I am the bad one in this story, I know.
But just think: I’m alone in the forest,
maybe I am gimpy with stroke,
or have Alzheimers, a heart condition.
I’m the mother of the step-mother
who sent those kids into the woods to starve.
And what about me, abandoned
in this lean-to shack the color of burnt gingerbread?
I take those rug rats in.
I don’t shove them in my oven.
I feed them candy and milk.
Spies, they are, for my heartless
daughter. She wants me dead.
Medicare ain’t paying for no dementia
ward and there are no beds at Eastern State
Hospital. Yes, I’m diagnosed with a psychosis
NOS, not otherwise specified, but I’m not
going to eat those kids. Cannibalism?
No way, but really, didn’t being a mother
eat me up? The constant worry, earnest
as hunger. The only reward for suckling
them, sore nipples, veiny breasts.
Nobody cares about the old woman
with shriveled ovaries, so they call us witch.
I’ve only taken your cutie-pies hostage,
not that their stepmom, cares,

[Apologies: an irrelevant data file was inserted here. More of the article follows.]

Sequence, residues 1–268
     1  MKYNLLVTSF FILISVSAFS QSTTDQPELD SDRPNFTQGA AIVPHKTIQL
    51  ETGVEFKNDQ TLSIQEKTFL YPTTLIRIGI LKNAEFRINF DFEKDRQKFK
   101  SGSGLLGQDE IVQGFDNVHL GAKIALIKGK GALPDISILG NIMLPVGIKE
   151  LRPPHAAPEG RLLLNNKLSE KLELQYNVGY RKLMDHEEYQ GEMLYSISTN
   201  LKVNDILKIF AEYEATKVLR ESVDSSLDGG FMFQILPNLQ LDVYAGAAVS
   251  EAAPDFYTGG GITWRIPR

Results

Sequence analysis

not that anyone gives a damn.
Child Protective Services
will eventually be called
but it will be too late.
I will have relieved the parents of their little
burdens, then spread their ashes over the moss.
Gather sticks for a large pyre,
Hansel and Gretel, your Grandmama
will soon join you. The crows
can witness how brightly
cast-off things burn.
Gayle Kaune has been published widely in literary magazines including Poet and Critic, Crab Creek Review, Seattle Review, Milkweed Editions, South Florida Poetry Review, and Centennial Review. She has won several Washington Poets Awards, a Ben Hur Lampmann award, and has been nominated for a Pushcart Prize. Her book, Still Life in the Physical World, was published by Blue Begonia Press; her latest, All the Birds Awake, is available from Tebot Bach. She also has two chapbooks: N’Sid-Sen-Star and Concentric Circles, which won the Flume Press Award. Her latest manuscript, Noise From Stars, is looking for a home.